We have been talking quite a lot about the provision of services and about the importance of the service industries in today’s world. I would have thought that the banks would be in the forefront of all of this. But what is happening? Is it about scant regard for customers or is it that in the logic of banking this has to happen? Are the banks short staffed? Really, if you look at some of them they would appear even to be overstaffed. So this makes absolutely no sense to me.

Rebuilding, We Say!
Then there is cricket. I do not intend to say much about the recently concluded series against England, except to say that there is something fundamentally wrong with our team. It is not about talent. Certainly not! Why are we taking so long to find out what is behind this prolonged period of under achievement? Part of the problem is really with the captain, Brian Lara. He confuses and mystifies everyone. All the authorities and cricket experts are baffled by his captaincy, especially his field setting and the use of his bowlers. Lara is an experienced captain, or rather player, and he does a number of things that anyone, even vaguely familiar with the game, will not do, so what is he about? My mind has been going crazy recently trying to uncover this mystery. I have even dared to think of that matter of bribery or even of drugs, but I do not believe that these are in the picture. But something is wrong and the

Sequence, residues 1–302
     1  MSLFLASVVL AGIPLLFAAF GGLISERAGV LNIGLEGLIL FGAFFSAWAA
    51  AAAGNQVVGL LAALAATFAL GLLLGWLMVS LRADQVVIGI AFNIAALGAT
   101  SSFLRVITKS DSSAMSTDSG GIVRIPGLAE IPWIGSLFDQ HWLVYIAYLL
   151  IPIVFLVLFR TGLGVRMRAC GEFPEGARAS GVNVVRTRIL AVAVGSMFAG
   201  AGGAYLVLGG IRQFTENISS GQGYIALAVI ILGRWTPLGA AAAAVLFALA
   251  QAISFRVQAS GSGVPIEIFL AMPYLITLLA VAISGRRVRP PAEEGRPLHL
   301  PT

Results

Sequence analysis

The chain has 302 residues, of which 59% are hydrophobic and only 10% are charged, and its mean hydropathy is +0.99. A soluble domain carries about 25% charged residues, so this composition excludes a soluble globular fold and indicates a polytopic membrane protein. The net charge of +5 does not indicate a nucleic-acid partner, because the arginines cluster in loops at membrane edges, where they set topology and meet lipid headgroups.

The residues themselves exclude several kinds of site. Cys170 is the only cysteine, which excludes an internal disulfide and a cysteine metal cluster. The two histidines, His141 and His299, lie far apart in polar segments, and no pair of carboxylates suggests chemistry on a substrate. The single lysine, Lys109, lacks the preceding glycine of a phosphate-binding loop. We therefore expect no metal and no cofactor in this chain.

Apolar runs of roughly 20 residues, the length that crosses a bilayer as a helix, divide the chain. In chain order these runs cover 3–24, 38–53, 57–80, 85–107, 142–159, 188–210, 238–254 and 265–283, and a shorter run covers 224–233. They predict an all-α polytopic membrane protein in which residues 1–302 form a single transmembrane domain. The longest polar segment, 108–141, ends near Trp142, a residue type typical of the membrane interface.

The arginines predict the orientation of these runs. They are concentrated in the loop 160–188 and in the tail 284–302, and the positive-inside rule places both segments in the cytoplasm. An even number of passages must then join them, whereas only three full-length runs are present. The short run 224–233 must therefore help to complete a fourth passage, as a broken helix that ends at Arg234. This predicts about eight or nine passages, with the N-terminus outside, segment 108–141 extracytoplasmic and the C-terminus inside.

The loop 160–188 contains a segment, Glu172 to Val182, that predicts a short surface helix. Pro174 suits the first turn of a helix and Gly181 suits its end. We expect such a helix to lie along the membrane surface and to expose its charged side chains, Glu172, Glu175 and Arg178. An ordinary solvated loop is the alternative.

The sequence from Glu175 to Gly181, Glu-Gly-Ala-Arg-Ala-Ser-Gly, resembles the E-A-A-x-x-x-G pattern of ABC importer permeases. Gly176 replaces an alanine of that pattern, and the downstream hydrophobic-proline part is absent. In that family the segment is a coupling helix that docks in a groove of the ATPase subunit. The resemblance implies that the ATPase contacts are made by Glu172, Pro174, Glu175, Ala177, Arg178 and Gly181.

sooner we find out the better for us.
Then there are our administrators. For sometime now we accepted our mediocre performances and put a positive spin on them by saying that we are rebuilding. Rebuilding what? If we are rebuilding a team, why are we bringing back Courtney Browne for the ICC Champions Trophy? But Browne is not the only one, there is also our dear friend Mervyn Dillon.
Browne, I believe, is about 36 or 37, so how are you rebuilding a team with him? Someone has got to be mad. And just imagine, there are some persons talking about making Browne captain of the team. I was prepared to put this talk down to Barbadian hyperbole, but I have heard other persons speaking this nonsense. Because he has led the Barbadian team to success in regional games over the past couple years does not make this 36/37- year-old fit to captain the West Indies team. As for his wicketkeeping, this was never of the quality that one wanted to shout about. That was precisely why he was dropped in the first place.
There has got to be some madness in the method of the West Indian selectors and Cricket Board. (I have just been informed that Veronica Campbell of Jamaica has won gold in the Women’s 200 metres. That was not supposed to happen. There will be some angry Americans today.)